“Before being elected President, Mr. Trump was one of the most successful businessmen in the world with a responsibility to his company, his family and his employees to pay no more tax than legally required.
“That being said, Mr. Trump paid $38 million dollars even after taking into account large scale depreciation for construction, on an income of more than $150 million dollars, as well as paying tens of millions of dollars in other taxes such as sales and excise taxes and employment taxes and this illegally published return proves just that.
"Despite this substantial income figure and tax paid, it is totally illegal to steal and publish tax returns. The dishonest media can continue to make this part of their agenda, while the President will focus on his, which includes tax reform that will benefit all Americans."
Again, that from the White House last night. These illegally acquired and—published, rather, tax returns. So, David Cay Johnston, can you respond?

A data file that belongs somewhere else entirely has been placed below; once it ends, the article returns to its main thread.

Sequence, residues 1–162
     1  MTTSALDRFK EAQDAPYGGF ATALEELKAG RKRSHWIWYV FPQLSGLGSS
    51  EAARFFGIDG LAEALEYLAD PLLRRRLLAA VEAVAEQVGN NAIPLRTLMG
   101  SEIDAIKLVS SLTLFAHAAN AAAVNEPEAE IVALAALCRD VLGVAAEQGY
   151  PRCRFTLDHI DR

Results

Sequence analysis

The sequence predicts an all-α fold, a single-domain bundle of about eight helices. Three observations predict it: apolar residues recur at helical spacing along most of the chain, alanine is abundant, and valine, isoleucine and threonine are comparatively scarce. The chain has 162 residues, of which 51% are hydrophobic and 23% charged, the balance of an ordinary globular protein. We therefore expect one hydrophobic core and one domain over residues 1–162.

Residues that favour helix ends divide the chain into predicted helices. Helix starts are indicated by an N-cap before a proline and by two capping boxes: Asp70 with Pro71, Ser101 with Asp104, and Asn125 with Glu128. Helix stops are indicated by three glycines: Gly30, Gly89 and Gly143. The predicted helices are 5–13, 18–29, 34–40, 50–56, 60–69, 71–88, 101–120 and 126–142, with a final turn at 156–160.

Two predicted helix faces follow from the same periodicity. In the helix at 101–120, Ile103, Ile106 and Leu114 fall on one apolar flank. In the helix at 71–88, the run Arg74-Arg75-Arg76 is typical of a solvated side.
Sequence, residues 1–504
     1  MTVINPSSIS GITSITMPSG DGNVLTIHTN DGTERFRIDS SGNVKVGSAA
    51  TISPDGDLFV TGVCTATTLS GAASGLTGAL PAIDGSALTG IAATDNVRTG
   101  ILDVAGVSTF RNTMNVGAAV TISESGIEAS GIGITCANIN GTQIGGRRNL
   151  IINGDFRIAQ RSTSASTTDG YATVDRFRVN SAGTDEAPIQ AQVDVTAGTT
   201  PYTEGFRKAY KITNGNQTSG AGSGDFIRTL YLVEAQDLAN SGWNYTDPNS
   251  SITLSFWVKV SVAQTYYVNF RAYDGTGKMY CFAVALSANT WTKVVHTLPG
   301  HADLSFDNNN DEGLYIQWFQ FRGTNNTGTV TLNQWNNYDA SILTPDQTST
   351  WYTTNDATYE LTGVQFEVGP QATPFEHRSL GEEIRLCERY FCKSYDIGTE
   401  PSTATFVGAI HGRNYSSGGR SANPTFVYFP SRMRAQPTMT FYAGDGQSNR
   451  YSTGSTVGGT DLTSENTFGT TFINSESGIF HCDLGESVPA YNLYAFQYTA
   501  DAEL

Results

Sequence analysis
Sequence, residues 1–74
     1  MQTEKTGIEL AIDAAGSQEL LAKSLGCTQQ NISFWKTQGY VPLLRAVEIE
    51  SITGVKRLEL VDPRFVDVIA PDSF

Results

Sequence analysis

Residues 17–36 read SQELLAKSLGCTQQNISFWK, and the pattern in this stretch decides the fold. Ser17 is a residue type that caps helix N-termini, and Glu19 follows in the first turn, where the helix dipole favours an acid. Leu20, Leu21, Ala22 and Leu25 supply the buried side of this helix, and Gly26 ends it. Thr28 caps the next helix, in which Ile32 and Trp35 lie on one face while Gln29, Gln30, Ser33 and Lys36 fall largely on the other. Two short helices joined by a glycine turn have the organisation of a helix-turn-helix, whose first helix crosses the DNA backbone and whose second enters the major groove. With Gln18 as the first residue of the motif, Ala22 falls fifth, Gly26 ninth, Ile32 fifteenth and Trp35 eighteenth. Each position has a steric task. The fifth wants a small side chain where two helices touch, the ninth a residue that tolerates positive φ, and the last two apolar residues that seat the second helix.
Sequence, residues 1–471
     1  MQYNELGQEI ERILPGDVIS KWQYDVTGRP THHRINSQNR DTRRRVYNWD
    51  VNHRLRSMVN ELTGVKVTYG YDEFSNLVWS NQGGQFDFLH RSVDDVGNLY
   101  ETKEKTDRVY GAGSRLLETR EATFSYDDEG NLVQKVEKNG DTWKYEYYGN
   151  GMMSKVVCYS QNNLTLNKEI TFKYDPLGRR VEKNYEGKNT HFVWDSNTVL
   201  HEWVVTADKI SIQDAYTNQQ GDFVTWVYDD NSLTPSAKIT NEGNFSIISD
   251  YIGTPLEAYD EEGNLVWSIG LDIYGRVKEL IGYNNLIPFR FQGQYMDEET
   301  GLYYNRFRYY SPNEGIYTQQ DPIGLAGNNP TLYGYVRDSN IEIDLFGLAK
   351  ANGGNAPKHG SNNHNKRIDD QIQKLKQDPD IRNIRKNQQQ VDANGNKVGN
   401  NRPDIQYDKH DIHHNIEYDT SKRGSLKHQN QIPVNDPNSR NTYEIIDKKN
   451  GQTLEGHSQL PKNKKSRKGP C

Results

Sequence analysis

DAVID CAY JOHNSTON: Yeah, Amy, there is so much falsehood in that statement, including the amount of tax the president paid. He paid $36.6 million, not $38 million. It just makes my head spin. It is absolutely well-established law in the United States that when a journalist receives a document that they did not solicit, then they can publish it. And there’s nothing illegal whatsoever about publishing this. This is part of the effort by Donald Trump to confuse people and that furthers his very authoritarian views. I mean, Donald clearly talks about his office as the president as a dictator. Judges don’t agree with him? "Bad judges," etc.
And what happened here is, somebody familiar with my work—and I’m very well known for my coverage of taxes, I won a Pulitzer Prize, I’ve been called the de facto chief tax enforcement officer of the United States because of my exposés of the tax system—decided to send me, rather than some other journalist, this document. Maybe it was sent to other journalists, and they haven’t looked in their mailbox. My report on what’s in that is absolutely accurate. The White House confirmed it.